Osteoporosis treatment rate following hip fracture in a community hospital
- Additional Document Info
- View All
Treatment rates for osteoporosis after a major osteoporotic fracture are unacceptably low. We evaluate the effectiveness of an ortho-geriatric team (OGT) in initiating pharmacologic therapy for osteoporosis post-hip fracture. The OGT was able to achieve a higher treatment rate for patients post-hip fracture in comparison to usual care provided by the primary care hospitalist. Potential reasons for delaying or not proceeding with drug therapy include patient concern regarding potential rare side effects of antiresorptive therapy including osteonecrosis of the jaw and atypical femoral fracture. These events however are rare, and in this study, only 3% of hip fractures were atypical femoral fractures. INTRODUCTION: Currently, a significant care gap for osteoporosis therapy exists post-hip fracture despite advances in pharmacologic therapy. We evaluate the effectiveness of the OGT at the Oakville Trafalgar Memorial Hospital (OTMH), Ontario, Canada, in reducing the care gap and initiating pharmacologic therapy in hip fracture patients prior to hospital discharge. We also evaluated the incidence of atypical femoral fracture (AFF) separately. METHODS: A retrospective chart review of patients 59 years and older with a hip fracture admitted to OTMH from January 1, 2016, to February 1, 2017, was conducted. The primary outcome was the proportion of hip fracture patients discharged from the hospital with appropriate treatment for their underlying osteoporosis. A sub-analysis was completed reporting the incidence of AFF among older adults. RESULTS: A total of 197 patients with a hip fracture were identified, 134/197 (68%) patients were seen by the OGT, 98/134 (73%) of these patients were started on pharmacologic therapy prior to discharge, and 120/134 (89%) of patients seen by the OGT were on treatment within 3 months of discharge following assessment in the complex osteoporosis clinic. Sixty-three patients of the 197 (63/197) (32%) of the hip fracture patients were seen by a hospitalist, and treatment rates prior to discharge were 5%. Only 6/197 patients had experienced an AFF during the study period, and all patients with an atypical femoral fracture had been on long-term bisphosphonate therapy. All of the patients with an AFF had thigh or groin pain for several weeks to months prior to the development of the atypical femoral fracture, providing an opportunity to stop therapy and possibly prevent the development of a complete AFF. CONCLUSION: The OGT was able to initiate anti-osteoporosis therapy in significantly more patients in comparison to usual care, and higher treatment rates are possible with an OGT.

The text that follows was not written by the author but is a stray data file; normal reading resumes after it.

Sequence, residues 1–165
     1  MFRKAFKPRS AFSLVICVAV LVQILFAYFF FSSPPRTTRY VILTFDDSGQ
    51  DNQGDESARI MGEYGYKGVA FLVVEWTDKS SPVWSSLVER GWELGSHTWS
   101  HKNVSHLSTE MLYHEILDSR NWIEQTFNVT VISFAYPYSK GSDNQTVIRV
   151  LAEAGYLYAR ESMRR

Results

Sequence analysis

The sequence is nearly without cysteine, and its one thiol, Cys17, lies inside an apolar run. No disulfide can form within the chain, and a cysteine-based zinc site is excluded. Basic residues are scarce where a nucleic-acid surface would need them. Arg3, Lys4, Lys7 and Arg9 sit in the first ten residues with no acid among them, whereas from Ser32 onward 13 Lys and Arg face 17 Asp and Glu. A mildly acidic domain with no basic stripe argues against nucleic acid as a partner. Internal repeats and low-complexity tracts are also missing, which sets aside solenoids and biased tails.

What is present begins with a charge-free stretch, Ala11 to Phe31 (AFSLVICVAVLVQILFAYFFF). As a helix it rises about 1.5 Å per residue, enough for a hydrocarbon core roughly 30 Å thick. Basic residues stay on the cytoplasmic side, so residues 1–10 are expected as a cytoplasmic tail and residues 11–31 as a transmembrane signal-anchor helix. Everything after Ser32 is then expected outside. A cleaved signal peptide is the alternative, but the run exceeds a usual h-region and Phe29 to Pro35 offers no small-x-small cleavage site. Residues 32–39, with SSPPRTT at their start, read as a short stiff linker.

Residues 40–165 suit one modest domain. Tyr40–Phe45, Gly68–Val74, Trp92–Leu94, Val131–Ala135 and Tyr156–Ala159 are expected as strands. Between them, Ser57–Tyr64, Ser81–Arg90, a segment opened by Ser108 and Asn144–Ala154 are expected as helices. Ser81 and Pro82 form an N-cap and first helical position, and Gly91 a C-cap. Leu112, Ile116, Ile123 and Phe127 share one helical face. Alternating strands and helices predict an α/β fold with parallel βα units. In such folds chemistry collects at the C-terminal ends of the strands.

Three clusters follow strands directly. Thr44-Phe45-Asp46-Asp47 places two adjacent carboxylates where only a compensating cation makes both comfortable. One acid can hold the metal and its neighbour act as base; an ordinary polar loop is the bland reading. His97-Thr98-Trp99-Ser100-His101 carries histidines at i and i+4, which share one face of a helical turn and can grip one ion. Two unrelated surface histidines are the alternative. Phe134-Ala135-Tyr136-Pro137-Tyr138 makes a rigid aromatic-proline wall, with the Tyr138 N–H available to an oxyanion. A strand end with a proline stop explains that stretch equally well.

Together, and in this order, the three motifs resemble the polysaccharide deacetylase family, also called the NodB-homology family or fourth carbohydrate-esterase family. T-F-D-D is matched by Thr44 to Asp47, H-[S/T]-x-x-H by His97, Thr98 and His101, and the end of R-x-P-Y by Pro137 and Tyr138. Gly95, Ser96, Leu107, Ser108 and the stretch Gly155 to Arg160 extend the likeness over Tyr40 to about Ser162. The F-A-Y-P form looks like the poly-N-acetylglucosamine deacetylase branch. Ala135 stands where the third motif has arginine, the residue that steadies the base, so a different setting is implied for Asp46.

has subject area